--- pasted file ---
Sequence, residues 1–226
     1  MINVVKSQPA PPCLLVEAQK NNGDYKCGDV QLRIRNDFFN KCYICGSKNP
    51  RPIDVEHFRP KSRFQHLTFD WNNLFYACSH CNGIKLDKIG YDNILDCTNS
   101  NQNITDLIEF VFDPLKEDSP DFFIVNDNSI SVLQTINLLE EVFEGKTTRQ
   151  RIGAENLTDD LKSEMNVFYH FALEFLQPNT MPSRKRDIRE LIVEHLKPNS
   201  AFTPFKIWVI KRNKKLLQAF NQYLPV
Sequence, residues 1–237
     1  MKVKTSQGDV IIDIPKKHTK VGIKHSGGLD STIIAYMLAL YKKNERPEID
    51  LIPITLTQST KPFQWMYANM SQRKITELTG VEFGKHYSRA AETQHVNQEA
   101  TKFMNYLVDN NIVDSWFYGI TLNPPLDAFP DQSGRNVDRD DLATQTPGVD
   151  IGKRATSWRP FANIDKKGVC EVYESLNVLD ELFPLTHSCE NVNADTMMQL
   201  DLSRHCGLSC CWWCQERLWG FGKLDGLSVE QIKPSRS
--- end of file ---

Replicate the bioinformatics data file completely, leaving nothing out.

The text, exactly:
Sequence, residues 1–226
     1  MINVVKSQPA PPCLLVEAQK NNGDYKCGDV QLRIRNDFFN KCYICGSKNP
    51  RPIDVEHFRP KSRFQHLTFD WNNLFYACSH CNGIKLDKIG YDNILDCTNS
   101  NQNITDLIEF VFDPLKEDSP DFFIVNDNSI SVLQTINLLE EVFEGKTTRQ
   151  RIGAENLTDD LKSEMNVFYH FALEFLQPNT MPSRKRDIRE LIVEHLKPNS
   201  AFTPFKIWVI KRNKKLLQAF NQYLPV
Sequence, residues 1–237
     1  MKVKTSQGDV IIDIPKKHTK VGIKHSGGLD STIIAYMLAL YKKNERPEID
    51  LIPITLTQST KPFQWMYANM SQRKITELTG VEFGKHYSRA AETQHVNQEA
   101  TKFMNYLVDN NIVDSWFYGI TLNPPLDAFP DQSGRNVDRD DLATQTPGVD
   151  IGKRATSWRP FANIDKKGVC EVYESLNVLD ELFPLTHSCE NVNADTMMQL
   201  DLSRHCGLSC CWWCQERLWG FGKLDGLSVE QIKPSRS